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Jobin Varghese explains how a Hybrid approach offers adaptable air conditioning that will stand the test of time.

Flexibility is increasingly essential for today’s buildings. Take offices, for example. Over the past two years, businesses have been looking for locations that can accommodate a hybrid approach to work – open plan meeting spaces with smaller offices for focused work as well as high-tech video conferencing facilities.

Other sectors such as hotels and educational facilities have also faced significant changes in occupancy patterns and use.

And building occupants are looking for higher levels of comfort and wellbeing than ever before. All in all, it puts pressure on building services design to be adaptable, robust and energy-efficient.

It’s simple to isolate and decommission, providing quick installation to meet changing demands

Jobin Varghese Jobin Varghese Product Manager for VRF and HVRF

Saving time and money

Flexibility is vital even in the early stages of a building’s life cycle, such as a change from Cat-A to Cat-B fit-out in offices. For instance, when leasing a new office, a tenant will add partitions for meeting rooms, break-out areas, and other spaces.

Using a traditional 4-pipe air conditioning system can create significant costs in terms of time and money: The system has to be de-gassed (refrigerant removed) and pipework modified for the new layout.

This process may involve brazing with related hot works permits required. It can mean high costs and delays for the landlord and tenant alike.

Mitsubishi Electric developed its Hybrid VRF (HVRF) system with this challenge in mind.

In the HVRF system, all of the R32 refrigerant is contained in a central Hybrid Branch Controller (HBC). From there, water pipes connect to the indoor units.

The first benefit of this approach is that there is no refrigerant in the occupied spaces, so there is no requirement for leak detection under BS EN378.

Highly flexible

More importantly, the HVRF approach is highly flexible. So, when changing a fit-out from Cat-A to Cat-B, there is no need to de-gas the refrigerant as this is only present in the Hybrid Branch Controller.

The pipework to the indoor units is plastic, as it carries water rather than refrigerant.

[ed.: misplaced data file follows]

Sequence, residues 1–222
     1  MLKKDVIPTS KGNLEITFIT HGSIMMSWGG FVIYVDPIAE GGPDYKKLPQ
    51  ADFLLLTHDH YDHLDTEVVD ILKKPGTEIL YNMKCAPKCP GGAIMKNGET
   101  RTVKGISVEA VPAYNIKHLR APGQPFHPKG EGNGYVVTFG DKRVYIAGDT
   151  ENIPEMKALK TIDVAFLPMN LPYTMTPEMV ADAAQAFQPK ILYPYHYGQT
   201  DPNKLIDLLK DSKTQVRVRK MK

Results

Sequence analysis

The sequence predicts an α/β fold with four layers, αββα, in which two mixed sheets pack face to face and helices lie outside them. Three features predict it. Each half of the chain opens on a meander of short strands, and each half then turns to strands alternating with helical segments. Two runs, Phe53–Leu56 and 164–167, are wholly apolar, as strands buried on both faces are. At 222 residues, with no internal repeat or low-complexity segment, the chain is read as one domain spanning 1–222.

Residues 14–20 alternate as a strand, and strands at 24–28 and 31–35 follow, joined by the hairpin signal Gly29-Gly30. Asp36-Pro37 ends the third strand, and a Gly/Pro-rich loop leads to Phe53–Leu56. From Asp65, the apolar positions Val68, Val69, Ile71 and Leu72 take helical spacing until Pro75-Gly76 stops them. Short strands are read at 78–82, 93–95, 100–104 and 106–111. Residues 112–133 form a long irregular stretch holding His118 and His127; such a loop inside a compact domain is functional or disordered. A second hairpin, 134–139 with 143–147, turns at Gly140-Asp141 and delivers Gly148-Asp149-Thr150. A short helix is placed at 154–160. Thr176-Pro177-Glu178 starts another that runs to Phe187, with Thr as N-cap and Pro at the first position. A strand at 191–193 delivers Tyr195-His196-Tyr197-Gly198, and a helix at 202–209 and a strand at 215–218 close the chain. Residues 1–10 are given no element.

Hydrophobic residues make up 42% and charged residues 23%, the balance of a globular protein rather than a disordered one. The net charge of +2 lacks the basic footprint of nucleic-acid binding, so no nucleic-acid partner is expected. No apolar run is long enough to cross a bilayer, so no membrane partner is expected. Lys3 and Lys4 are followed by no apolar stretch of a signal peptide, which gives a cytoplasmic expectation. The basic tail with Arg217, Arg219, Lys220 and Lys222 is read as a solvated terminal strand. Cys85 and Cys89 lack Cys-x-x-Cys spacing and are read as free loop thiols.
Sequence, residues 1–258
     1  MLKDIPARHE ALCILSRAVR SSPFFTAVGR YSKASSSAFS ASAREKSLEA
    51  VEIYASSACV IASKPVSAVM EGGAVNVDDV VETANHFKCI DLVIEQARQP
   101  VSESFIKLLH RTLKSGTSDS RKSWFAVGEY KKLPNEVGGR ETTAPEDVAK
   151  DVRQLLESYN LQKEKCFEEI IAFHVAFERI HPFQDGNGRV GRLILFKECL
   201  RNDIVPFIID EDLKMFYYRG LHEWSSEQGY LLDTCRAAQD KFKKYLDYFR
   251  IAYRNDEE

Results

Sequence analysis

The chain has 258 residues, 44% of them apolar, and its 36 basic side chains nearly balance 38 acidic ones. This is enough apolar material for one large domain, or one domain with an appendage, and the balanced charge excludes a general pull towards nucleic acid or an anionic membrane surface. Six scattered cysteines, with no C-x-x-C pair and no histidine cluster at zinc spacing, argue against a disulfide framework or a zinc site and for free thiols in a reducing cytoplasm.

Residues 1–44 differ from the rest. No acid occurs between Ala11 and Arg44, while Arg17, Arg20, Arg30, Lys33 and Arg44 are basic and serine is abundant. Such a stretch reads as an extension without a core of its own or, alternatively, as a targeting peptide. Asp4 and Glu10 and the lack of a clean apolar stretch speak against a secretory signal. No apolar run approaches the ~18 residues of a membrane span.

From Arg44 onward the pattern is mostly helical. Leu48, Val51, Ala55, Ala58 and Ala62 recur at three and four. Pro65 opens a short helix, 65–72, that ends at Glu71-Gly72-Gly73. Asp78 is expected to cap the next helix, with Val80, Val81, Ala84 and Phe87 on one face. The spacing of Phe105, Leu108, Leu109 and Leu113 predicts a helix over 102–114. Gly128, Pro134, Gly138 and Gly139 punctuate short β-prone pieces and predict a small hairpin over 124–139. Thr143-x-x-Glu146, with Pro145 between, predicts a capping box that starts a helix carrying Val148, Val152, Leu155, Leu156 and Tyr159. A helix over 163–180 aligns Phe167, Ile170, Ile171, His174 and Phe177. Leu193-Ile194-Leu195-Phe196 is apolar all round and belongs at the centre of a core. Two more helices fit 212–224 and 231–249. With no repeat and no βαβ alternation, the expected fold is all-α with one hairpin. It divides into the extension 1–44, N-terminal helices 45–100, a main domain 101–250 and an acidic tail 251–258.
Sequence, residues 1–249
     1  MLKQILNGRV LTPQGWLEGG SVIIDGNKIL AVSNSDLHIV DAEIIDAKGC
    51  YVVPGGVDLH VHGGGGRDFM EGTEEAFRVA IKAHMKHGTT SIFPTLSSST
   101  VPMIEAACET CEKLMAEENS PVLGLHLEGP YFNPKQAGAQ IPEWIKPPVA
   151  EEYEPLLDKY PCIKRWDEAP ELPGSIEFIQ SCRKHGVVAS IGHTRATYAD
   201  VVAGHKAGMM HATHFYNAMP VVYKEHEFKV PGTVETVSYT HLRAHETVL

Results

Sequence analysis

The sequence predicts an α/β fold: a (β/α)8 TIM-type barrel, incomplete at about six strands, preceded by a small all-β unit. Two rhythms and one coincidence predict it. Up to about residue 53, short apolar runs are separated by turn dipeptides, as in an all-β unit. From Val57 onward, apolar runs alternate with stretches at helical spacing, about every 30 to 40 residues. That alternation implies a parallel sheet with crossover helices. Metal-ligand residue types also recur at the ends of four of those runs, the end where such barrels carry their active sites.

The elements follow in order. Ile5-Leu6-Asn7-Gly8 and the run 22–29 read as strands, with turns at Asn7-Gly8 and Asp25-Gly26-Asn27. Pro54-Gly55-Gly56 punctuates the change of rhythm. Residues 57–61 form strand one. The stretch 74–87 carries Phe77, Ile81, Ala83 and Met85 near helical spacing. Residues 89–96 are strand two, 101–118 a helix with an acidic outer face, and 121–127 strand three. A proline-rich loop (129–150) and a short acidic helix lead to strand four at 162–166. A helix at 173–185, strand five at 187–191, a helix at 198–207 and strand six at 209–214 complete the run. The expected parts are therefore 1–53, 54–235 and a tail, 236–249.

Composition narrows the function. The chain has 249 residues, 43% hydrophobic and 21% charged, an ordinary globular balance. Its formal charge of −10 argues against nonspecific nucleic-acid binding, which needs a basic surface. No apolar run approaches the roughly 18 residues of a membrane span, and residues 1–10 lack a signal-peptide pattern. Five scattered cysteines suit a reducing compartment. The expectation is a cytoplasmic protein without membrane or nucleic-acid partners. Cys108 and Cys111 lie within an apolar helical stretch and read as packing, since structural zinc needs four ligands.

There is no need for an F-Gas accredited installer to carry out the work; no hot works are required, and the process is cost-effective and time-efficient to complete.

And later in the building’s life, a Hybrid VRF system makes alterations and updates easier. For example, because of HVRF’s decentralised set-up, it is straightforward to add to a building’s air conditioning requirements in a phased approach.

It’s also simple to isolate and decommission, providing quick and smooth installation to meet changing demands.

Sustainable refrigerants

Sustainability is another critical issue for today’s building services specifiers, so finding energy-efficient solutions is integral to the decision process. It’s also crucial to bear in mind the F Gas requirements for the use of low GWP refrigerants.

Mitsubishi Electric has already adopted R32 refrigerant for its HVRF system, so it meets these requirements ahead of time.

What’s more, because only the HBC contains refrigerant, the amount of R32 is around 30% to 40% less than in a traditional VRF system.

It is not easy to make building services flexible as there are time and cost implications in making changes after initial installation.

However, the Hybrid VRF approach gives designers, installers and clients a more versatile system that will stand the test of time and ensure that the building retains its value as an asset for many years.

Easier application

We have also recently added another element to the HVRF range – a vertical hybrid branch controller.

This development adds to the system's flexibility by allowing the HBC to be installed as a floor-standing unit in a small maintenance cupboard or linen closet in a hotel.

The system is easier to apply in refurbishment projects where a ceiling-mounted HBC might not be suitable.

The CAT-A to CAT-B conversion with a Vertical Hybrid Branch layout will be more straightforward as the recommissioning parts are all easily accessible. This saves time and gives a much more comfortable approach on re-commissioning a hybrid layout during this transition.

Jobin Varghese Product Manager for VRF and HVRF